Healthcare booming in Delaware
The executive director of the Kent Economic Partnership, Linda Parkowski, said central Delaware needs two things: to connect the workforce with education resources and to create a “fun, cool image” for the area.
She joined Jason Castellucio, client portfolio manager from the finance company Nuveen, and Ed Ratledge, director of the Center for Applied Demography & Survey Research at the University of Delaware, for the 2020 Economic Forecast Breakfast Jan. 16 in Dover.
As they talked about the future on a national, state and county level, three themes emerged: the U.S. economy will see more volatility, healthcare is a booming industry and development should happen more quickly here.
U.S. economy back to normal
Castellucio opened his presentation by saying what many economists and commentators have said: “Things are good.”
The S&P 500, which measures the stock performance of the 500 largest companies, was up 31.5% in 2019. A strong economy means that consumers have a lot of confidence, Castellucio said.
It will affect the presidential race, he said. “Without a poor economy, it is tough for the Democrats to position themselves against Trump.”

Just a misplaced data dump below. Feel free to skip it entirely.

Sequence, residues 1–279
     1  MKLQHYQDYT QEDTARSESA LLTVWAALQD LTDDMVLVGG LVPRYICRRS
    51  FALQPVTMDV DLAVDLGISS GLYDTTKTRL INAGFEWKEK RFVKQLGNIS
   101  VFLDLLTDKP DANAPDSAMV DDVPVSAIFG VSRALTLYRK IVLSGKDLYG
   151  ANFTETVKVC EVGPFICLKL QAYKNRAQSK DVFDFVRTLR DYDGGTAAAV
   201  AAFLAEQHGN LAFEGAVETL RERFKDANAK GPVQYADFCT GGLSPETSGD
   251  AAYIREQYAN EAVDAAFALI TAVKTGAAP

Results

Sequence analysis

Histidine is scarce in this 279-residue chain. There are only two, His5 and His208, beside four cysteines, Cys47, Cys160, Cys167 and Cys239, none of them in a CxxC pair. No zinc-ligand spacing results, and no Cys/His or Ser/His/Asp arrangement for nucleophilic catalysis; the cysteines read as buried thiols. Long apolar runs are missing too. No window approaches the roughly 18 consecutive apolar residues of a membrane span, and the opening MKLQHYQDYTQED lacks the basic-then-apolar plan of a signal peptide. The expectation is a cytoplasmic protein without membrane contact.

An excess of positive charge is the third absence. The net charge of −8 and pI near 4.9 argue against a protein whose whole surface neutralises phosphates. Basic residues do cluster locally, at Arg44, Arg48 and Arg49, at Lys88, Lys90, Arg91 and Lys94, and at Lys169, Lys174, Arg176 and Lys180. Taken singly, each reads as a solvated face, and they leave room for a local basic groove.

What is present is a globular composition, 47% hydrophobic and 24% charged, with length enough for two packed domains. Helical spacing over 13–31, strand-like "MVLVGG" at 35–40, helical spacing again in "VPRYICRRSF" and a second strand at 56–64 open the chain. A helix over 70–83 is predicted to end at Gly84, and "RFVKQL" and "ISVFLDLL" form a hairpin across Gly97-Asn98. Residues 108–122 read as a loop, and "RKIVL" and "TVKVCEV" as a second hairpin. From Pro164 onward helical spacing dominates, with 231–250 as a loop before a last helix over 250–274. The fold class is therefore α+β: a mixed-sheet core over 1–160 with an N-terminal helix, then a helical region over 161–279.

Even with the stock market doing well, shareholders’ earnings were low because of high stock prices, Castellucio said.
He expects more ups and downs in the 2020 stock market. “Volatility is normal, and we’ll probably have some of that this year,” he said.
More Delawareans are dying than are being born, Ratledge said. Kent County’s population is still growing, but it’s slowing while New Castle County and Sussex County continue to grow.
The almost 20% of Delaware’s population that is older than 65 will heavily influence the economy. Since they are most likely to be admitted to a hospital, there’s a demand for more healthcare services, Ratledge said.
“The Boomers will be driving the bus for the next 20 years,” he said.
Parkowski agreed that healthcare is the best opportunity for growth and employment in Kent County. Healthcare falls in the county’s top five businesses by volume and by number of employees.
The county needs more skilled laborers and technicians, such as nursing assistants and health aides, she said.
Parkowski said she is working on eight active projects that will provide 350 jobs and invest $120 million. The problem is the speed of making them a reality.
It can take 18 to 24 months to finish a project in Delaware, she said.
A Wawa executive told Sen. Carper that they put more than 60 stores in Florida in the same time it took to put one in Delaware, she said.
Even with already developed land, permitting takes a long time, and Parkowski said she believes the governor needs to advocate for simplifying it.